There's nothing that says Fitzgerald is a bad receiver. However, there's something to be said for his quarterback and if it's Ryan Lindley then Fitzgerald's stats are in big trouble against the Jets. The Cardinals' game plan last week against the Rams reminded me of what they ran back when Kevin Kolb took over earlier this season -- a lot of short passes with designs on letting the receiver make the play after the catch. Lindley was good at that until the Rams started bringing a lot of blitzes and then he melted. The Jets can dial up their share of blitzes while keeping Fitzgerald under wraps with Antonio Cromartie and a safety behind them if they so choose. Lindley did throw to Fitzgerald when he was in single coverage but the passes were either way overthrown or way underthrown and subsequently picked off. There's a reason why this dude was the Cardinals' third string quarterback and with the Jets desperate for a home win, I can't see Arizona's offense snapping into shape with Lindley under center. Fitzgerald's stats are going to suffer.

Marcel Reece and Darren McFadden, RBs, Raiders

Oakland offensive coordinator Greg Knapp announced this week Marcel Reece would remain the primary ball carrier for the Raiders as they ease Darren McFadden back into game shape. If you remember how poorly McFadden played before he got hurt and how effectively Reece played once he had an opportunity, it makes a lot of sense. The Browns' run defense stats aren't pretty but they held the Steelers to a collective 49 rush yards on 20 carries last week and the Cowboys to 53 rush yards on 19 carries the week before. Even with McFadden back the Raiders might not run any more than they have the past couple of weeks. Maybe the weather in Oakland this weekend forced the Raiders to run more than throw (we'll know more Sunday) but it's probably not a good idea to use either back unless your other options are really weak.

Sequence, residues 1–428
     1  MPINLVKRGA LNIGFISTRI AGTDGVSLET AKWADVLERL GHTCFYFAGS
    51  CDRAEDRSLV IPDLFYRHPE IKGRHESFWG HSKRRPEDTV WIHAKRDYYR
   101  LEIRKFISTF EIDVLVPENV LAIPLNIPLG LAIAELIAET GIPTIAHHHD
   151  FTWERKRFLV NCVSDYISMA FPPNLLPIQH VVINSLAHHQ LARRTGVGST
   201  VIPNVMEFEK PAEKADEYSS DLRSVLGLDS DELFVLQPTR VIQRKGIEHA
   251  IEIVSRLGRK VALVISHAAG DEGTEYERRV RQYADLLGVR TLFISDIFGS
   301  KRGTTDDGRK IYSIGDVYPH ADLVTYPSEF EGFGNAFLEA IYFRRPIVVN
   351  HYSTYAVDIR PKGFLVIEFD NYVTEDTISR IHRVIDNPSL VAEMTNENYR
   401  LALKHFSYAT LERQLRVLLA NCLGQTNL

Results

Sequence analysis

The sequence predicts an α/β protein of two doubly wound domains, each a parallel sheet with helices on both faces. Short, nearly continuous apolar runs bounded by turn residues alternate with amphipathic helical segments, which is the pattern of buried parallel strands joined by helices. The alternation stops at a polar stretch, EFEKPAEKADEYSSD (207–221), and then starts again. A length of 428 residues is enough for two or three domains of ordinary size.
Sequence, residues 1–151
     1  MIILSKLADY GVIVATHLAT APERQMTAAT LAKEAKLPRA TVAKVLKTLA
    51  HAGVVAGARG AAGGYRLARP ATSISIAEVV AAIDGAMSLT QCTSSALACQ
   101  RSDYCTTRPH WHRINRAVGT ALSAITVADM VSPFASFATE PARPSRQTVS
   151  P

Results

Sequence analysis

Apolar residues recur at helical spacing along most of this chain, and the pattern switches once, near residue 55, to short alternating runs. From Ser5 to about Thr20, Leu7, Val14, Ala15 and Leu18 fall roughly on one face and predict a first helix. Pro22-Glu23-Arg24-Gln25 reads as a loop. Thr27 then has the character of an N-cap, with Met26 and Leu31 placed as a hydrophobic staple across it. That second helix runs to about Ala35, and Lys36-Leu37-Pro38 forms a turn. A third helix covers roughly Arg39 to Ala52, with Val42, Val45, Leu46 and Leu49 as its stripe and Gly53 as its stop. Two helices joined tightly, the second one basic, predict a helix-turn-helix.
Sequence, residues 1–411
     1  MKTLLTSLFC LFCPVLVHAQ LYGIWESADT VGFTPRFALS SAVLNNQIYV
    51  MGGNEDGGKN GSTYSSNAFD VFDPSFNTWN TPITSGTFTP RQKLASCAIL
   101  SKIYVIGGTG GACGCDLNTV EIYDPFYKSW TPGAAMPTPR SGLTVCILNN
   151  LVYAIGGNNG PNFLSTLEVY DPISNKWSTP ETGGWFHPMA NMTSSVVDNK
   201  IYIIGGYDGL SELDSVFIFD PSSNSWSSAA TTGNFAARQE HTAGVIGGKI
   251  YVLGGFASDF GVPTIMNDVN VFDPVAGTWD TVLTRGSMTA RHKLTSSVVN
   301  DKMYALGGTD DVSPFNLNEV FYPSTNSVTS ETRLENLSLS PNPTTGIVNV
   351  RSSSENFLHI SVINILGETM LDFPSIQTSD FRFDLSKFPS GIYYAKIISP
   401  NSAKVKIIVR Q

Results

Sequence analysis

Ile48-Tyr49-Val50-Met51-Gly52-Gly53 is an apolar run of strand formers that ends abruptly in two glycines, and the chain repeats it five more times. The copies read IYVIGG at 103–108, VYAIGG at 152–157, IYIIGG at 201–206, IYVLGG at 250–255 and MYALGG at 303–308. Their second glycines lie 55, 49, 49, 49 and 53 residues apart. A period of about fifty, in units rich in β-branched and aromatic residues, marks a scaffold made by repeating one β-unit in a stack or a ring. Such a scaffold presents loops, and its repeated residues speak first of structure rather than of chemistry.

Antonio Gates, TE, Chargers

For Gates, I hit the vault and went back to a two-game stretch in 2009 where he caught 15 passes for 285 yards and two touchdowns against the Chiefs and Browns in consecutive weeks. Gates was smoother off of the snap, a smidge quicker and a heck of a lot more explosive than he is now. The guy we're talking about now has one 100-yard game in his last two seasons and this year has more than 50 yards receiving in just three games. Yet he plays just as much as he used to, he's just a little easier to defend. What also hurts his case is a Chargers offensive line that is as leaky as any in the league, and that puts a lot of pressure on Philip Rivers to throw efficiently under duress, which is not so easy. In those 2009 games he had a lot of time and made any throw he wanted. He can't do that now. If you read my notes on Eli Manning above you know what I think of the Bengals defense. With no more than five targets in each of his last five games and a Bengals secondary that has been OK against tight ends (and even contained Gates to 33 yards and a touchdown soon after he had those electric games back in 2009 -- the last time they played him), I wouldn't expect much from Gates. If you're starting him do it with limited expectations.